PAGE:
## Beginner’s Guide: How to Read a Baseball Scoreboard

When you attend a baseball game, you will almost always see a massive scoreboard in the outfield that provides a seemingly limitless amount of information. Numerous numbers, letters, and statistics may be found, and each of these objects has its own distinct significance. How can you interpret a baseball scoreboard when you’re being bombarded with so much information at your disposal? Baseball scoreboards are read from left to right, with the names of the teams posted at the far left of the board to indicate who is playing.

The letters R, H, and E represent the number of runs, hits, and errors that happened throughout the whole game.

So let’s take a closer look at some of the more typical areas featured on baseball scoreboards, as well as those sections that are less popular.

## Four Common Sections on All Baseball Scoreboards

It is not all baseball scoreboards are created equal, as you will see in some of the examples in this article. Aside from the fact that they do not all look the same, they also do not all carry the exact same information. However, there are four areas that can be seen on practically every baseball scoreboard.

### Names of Each Team

One of the first things you’ll notice on a scoreboard is the names of the teams who are taking part in the competition. On the left-hand side of the scoreboard, these names are presented in alphabetical order, with the visiting team listed first and the home team listed last, starting with the visiting team. The fact that the home team is always ranked below the visiting team is due to the fact that the home team always bats second. Consequently, when we look at the next portion of the scoreboard, which is comprised of innings, we will be able to tell whether a game is in the top of an inning or the bottom of an inning.

The teams’ names will either be “Visitor” and “Home,” the real names of each club, or (in the case of certain Major League scoreboards) merely the team’s emblem, depending on the style of scoreboard being used and the sort of league in which you are playing.

### Number of Runs Scored Per Inning

One of the first things you’ll notice on a scoreboard is the names of the teams who are taking part in the game. On the left-hand side of the scoreboard, these names are written in alphabetical order, with the visiting team listed first and the home team listed last. There is a good reason why the home team is always mentioned after the visiting team: the home team always bats last. If we look at the next portion of the scoreboard, which is the innings section, we will be able to tell if the game is at the top of the inning or the bottom of the inning.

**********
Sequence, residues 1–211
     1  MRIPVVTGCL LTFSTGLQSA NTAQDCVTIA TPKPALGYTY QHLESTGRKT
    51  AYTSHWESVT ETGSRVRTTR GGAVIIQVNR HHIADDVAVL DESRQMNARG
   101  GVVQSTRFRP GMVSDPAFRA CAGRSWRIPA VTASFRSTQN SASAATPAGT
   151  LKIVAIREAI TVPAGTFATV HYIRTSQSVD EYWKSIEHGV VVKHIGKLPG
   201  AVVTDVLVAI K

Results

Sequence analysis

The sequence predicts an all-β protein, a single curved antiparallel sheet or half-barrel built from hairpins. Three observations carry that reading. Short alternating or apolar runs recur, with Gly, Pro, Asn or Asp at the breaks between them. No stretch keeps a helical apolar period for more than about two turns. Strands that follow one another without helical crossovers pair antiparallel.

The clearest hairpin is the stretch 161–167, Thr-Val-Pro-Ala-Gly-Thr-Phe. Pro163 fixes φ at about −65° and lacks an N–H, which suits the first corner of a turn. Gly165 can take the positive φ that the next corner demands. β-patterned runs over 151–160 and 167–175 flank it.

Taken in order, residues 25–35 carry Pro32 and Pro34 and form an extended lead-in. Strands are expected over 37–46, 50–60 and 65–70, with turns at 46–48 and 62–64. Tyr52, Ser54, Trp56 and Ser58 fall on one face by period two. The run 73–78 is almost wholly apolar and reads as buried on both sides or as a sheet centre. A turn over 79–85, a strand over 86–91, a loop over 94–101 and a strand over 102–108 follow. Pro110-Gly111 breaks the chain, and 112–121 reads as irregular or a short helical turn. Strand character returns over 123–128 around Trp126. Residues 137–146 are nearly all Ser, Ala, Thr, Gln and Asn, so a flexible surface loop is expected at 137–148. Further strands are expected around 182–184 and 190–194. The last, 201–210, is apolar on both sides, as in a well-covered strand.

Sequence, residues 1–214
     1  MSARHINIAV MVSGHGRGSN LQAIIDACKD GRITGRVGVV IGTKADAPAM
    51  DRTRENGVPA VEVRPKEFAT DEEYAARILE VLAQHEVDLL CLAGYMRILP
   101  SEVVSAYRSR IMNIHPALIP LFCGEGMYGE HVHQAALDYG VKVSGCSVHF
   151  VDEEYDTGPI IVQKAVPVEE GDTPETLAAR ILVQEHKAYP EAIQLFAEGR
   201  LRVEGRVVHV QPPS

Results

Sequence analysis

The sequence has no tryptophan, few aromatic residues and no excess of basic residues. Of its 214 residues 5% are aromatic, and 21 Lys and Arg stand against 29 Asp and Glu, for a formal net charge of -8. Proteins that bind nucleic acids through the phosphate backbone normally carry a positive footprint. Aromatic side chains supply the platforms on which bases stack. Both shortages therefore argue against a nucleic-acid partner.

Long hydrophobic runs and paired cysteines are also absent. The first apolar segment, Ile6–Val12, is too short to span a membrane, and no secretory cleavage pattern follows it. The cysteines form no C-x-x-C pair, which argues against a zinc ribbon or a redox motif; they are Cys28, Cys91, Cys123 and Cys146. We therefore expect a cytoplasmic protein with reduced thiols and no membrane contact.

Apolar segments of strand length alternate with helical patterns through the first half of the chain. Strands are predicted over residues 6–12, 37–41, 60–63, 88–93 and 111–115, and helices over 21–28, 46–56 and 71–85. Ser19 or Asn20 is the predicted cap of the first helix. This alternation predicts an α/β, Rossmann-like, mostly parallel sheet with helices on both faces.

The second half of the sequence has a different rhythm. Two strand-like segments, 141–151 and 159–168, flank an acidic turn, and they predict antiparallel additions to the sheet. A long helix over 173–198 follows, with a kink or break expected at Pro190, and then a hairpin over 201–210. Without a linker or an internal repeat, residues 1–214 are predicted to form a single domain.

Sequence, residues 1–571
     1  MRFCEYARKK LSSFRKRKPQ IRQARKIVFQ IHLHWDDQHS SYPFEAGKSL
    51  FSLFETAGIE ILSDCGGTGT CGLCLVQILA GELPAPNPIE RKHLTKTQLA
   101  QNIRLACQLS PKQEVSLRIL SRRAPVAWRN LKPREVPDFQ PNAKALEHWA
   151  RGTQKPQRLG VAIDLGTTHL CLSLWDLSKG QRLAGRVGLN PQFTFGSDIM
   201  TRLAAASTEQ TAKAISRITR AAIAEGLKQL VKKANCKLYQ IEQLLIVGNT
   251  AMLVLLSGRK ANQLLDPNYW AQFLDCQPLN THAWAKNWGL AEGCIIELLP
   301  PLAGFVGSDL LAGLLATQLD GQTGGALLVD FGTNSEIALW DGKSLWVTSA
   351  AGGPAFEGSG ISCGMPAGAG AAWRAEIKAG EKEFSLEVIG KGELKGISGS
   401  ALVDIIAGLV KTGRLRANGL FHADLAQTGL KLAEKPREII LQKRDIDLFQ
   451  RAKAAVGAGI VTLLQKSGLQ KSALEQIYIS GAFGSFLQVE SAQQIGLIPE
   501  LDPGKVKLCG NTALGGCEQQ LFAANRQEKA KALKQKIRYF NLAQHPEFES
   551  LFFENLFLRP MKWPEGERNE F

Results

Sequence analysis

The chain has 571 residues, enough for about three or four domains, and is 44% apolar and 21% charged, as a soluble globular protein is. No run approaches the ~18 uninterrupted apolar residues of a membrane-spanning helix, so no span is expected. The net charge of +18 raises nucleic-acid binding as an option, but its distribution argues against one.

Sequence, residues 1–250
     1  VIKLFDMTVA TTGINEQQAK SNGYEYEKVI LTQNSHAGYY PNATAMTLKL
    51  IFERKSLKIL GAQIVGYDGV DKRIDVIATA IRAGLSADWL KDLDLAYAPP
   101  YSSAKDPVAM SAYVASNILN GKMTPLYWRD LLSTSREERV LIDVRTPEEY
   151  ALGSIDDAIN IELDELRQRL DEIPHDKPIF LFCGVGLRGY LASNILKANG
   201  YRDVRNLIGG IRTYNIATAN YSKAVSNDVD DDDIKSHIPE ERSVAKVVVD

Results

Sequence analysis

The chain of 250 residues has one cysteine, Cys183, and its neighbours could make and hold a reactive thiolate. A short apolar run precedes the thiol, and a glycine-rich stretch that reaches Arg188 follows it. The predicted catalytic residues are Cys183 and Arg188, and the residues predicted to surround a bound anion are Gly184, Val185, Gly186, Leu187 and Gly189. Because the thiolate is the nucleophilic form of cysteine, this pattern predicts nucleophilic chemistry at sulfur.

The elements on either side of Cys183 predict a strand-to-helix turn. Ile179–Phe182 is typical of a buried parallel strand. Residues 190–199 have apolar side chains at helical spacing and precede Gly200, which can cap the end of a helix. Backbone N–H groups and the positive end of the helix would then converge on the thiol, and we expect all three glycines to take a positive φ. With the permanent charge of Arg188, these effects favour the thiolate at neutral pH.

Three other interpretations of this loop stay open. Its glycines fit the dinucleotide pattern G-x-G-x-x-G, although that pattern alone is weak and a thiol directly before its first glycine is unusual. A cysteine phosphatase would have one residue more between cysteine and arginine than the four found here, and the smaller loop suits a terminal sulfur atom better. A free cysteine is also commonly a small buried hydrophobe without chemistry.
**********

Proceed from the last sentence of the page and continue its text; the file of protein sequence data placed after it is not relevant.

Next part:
### Runs, Hits, and Errors

Moving on to the number of runs scored each inning, we find three more columns labeled R, H, and E. These are the number of runs scored per inning in the previous inning. Is there any significance to the lettering on a baseball scoreboard? Runs is represented by the letter R on a baseball scoreboard, and it indicates how many total runs have been scored by each side throughout the game. It will rise in value as the game proceeds and more runs are scored, so that the overall amount of runs scored is reflected in this figure.

This total includes all singles, doubles, triples, and home runs, among other things.

This statistic is calculated from all of a team’s defensive mistakes, and it provides fans with a broad notion of how well a team is performing defensively.

### Balls, Strikes, and Outs

Another area of a baseball scoreboard that is fairly popular is a section that displays the number of balls, strikes, and outs for each half-inning of the game. This area will either be either above or directly below the portion that displays the overall amount of runs scored every inning, depending on which is most appropriate. During each pitch of an at-bat, the balls and strikes are updated, allowing viewers to see how many strikes the hitter currently has on him at any one time. It will be updated when each offensive player is retired, and it will inform viewers of the number of outs that have been achieved thus far in this half-inning of baseball action.

## Other Common Stats on a Baseball Scoreboard

Another area of a baseball scoreboard that is fairly frequent is a section that displays the number of balls, strikes, and outs for each half-inning of the contest. This area will either be either above or directly below the portion that displays the overall amount of runs scored every inning, depending on your preference. During each pitch of an at-bat, the balls and strikes are updated, allowing viewers to see how many strikes the hitter currently has.

It will be updated when each offensive player is retired, and it will inform viewers of the number of outs that have been obtained thus far in this half-inning of baseball action.

### Number of the Batter